Congress responded in similar ways to 2001's major national crises: bolstering internal controls in corporate America under the Sarbanes-Oxley Act in response to Enron's debacle and imposing internal controls on its financial services industry under the USA PATRIOT Act in response to 9/11's terrorism. These reflexive legislative responses to national crisis fit a pattern of proliferating controls as a first-order policy option dating to the mid-1970s. Documenting this proliferation and untangling the definition of internal controls, this Article attributes the appeal of internal controls as a policy option to systemic forces including the movements for deregulation and cooperative compliance, resistance to overt federal preemption of state corporate law, the monitoring model of the board of directors in corporate governance and audit committee ascendance, the social responsibility movement and the diversification of auditing services. Manifest appeals include the limited substantive content control directives carry and the increasing harmonization of control types around audit committees, compliance officers, employee training manuals and external audits of controls fitting neatly into the team production theory of corporate practice and law and making even mandatory controls appealing to corporations being implicitly regulated.
Illuminating the limits of this policy option is an examination of comparative attitudes towards control risk shown by the auditing and legal professions. Audit approaches control risk with a formal context, definition and measurement apparatus consciously aware of risk's inevitability and that controls may increase or decrease risk. Yet auditors advertise their product as capable of doing more. Legal culture takes the advertisements seriously. The resulting expectations gap can be reinforced when audit's emphasis on systems and controls creates false impressions that these reflect likely achievement of underlying objectives. Proliferation of internal controls in the face of crisis shows social anxieties. Assuaging social anxieties with these tools can create illusions of control and denial of risk. Legal culture is telling managers to take steps to buy absolute control; audit culture is happy to sell it; the truth is, there is no absolute control. No system provides absolute assurance. The gap is significant between (1) what systems can deliver versus (2) what legal culture expects and what auditors advertise they can deliver.
When internal controls fail, the policy response is to require audits of controls. This is the story of Sarbanes-Oxley. In the 1970s, the SEC persuaded Congress in response to crisis to pass the Foreign Corrupt Practices Act requiring companies to have internal financial controls. In the early 2000s, in response to crisis perceived to originate in internal control failure, the SEC persuaded Congress to pass Sarbanes-Oxley requiring auditors to audit those internal controls. In this cycle of control mandates followed by audit mandates, pressure builds on audit to create controls that can be audited. But since controls do not automatically reduce audit risk and may increase it, audits of them cannot speak to the effectiveness of underlying substance over which controls offer no reliable assurance. Legislative enthusiasm for controls as crisis-response mechanisms pretends controls can do more than they can and when controls consequently proliferate they can do even less - it becomes hard to assess which controls are effective.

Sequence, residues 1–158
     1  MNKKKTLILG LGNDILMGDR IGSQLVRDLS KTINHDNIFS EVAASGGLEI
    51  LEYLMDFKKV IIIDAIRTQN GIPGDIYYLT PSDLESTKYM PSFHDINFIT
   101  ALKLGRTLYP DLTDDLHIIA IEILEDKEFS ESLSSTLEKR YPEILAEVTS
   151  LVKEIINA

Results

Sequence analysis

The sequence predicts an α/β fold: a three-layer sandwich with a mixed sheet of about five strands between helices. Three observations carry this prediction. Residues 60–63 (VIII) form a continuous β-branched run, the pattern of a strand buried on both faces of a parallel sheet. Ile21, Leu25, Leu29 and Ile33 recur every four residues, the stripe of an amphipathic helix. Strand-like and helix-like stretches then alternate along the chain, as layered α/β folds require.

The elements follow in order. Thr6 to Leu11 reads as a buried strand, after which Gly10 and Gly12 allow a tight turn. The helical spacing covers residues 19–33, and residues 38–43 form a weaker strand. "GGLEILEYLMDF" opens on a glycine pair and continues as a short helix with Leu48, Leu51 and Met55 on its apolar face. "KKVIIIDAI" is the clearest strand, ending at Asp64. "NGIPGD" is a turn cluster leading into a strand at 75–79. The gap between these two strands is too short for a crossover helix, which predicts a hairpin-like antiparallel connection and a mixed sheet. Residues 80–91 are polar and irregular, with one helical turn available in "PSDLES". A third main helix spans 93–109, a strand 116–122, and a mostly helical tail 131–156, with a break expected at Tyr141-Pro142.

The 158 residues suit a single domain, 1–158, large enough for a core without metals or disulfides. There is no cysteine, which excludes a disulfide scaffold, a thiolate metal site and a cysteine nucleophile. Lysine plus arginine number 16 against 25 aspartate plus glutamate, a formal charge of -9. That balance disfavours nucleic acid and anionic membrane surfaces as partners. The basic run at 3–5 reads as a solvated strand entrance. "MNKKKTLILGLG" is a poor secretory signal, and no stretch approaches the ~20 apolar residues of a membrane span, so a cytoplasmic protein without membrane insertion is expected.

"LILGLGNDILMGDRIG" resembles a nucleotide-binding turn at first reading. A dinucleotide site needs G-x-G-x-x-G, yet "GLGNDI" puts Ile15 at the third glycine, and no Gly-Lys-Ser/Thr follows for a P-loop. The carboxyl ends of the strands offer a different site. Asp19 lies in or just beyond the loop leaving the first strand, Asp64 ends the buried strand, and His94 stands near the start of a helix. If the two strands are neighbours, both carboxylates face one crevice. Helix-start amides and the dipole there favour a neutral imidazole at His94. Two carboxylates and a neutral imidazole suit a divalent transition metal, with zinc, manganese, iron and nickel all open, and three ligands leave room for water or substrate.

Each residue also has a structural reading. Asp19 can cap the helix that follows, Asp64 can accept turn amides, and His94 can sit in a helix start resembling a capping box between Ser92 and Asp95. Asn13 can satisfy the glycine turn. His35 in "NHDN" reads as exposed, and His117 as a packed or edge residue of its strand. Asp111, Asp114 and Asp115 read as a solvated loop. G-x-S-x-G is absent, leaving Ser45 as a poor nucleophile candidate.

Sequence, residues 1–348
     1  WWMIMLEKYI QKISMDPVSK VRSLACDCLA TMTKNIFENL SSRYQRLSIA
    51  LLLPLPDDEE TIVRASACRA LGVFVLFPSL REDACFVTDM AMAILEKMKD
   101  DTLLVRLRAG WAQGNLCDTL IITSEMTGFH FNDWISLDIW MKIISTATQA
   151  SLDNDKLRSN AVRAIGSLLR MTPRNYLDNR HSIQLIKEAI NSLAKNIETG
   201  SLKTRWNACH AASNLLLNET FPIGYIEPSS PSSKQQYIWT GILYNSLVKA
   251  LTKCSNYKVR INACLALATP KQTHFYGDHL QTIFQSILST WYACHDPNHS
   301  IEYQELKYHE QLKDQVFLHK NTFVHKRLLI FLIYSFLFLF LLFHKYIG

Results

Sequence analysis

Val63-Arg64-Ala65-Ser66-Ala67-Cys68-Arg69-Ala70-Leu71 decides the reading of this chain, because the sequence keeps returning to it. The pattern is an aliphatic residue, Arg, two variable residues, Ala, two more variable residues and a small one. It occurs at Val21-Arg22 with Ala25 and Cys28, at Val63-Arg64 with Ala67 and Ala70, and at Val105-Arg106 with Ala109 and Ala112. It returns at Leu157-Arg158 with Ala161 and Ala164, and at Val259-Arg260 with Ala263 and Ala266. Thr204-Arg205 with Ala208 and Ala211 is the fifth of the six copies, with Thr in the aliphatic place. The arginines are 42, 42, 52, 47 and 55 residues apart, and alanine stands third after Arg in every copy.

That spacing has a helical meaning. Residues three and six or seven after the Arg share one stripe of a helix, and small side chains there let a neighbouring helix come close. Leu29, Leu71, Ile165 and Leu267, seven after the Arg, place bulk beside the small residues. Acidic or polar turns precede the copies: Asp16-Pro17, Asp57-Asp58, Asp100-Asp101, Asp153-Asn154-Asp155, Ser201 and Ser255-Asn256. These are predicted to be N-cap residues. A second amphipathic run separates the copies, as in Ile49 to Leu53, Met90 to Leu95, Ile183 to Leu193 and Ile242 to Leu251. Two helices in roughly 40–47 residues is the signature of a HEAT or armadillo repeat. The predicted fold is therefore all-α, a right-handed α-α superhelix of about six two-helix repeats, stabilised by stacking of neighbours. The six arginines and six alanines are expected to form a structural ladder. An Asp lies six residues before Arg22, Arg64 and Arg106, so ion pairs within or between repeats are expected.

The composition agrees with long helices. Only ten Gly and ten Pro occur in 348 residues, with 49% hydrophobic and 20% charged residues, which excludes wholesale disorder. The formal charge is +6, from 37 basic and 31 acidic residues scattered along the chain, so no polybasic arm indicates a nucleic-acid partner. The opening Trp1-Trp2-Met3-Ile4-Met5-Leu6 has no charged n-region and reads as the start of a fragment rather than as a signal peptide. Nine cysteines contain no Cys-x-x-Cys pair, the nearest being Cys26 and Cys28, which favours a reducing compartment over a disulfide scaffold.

Control proliferation and generality complicate foreseeability analysis in tort. If controls applied only in particular settings with defined functions, they could indicate that related risk realization was foreseeable. They might be useful in assessing difficult pragmatic questions of causation when losses arise after controls fail. But when every aspect of corporate affairs is layered with elaborate controls there is no credible basis for drawing such inferences. Control signifies nothing special, so offers no insight concerning foreseeability or causation. This has not, however, prevented using control failures in exactly this mistaken way. When controls fail, the existence of control norms, directives, or practices are relevant to evaluating the standard of care exercised and matters of causation and foreseeability with little or no regard to the particular control at issue or its underlying substantive purpose.
But Sarbanes-Oxley and PATRIOT show two polar extremes of control types: internal controls over financial reporting and controls dedicated to fighting terrorism. Two competing models of regulatory theory map onto this range. The deterrence model hypothesizes that target decision-making is conducted by comparing the cost of compliance with the product of enforcement threats and penalty levels. The cooperation model enlarges the framework by recognizing norms of compliance that may be skewed by the simple adjustment of threat and penalty levels. For internal controls the relative purchase of these models varies with the tenor of the control: financial controls link to the deterrence model where penalties for failure should be high and liability likely; externally-oriented controls are congruent with the cooperation model: penalties and liability risk should be zero. This theoretical account of the distinction between control types is consistent with the longer history of corporate law but the current legal environment's ambitions for internal controls threatens to upset this traditional stance. This appears most acute in the case of terrorism and provides an internal-controls-based defense of general compensation schemes such as the 9/11 Victims' Compensation Fund.
Lawrence A. Cunningham, The Appeal and Limits of Internal Controls to Fight Fraud, Terrorism, Other Ills, 29 J. Corp. L. 267 (2004).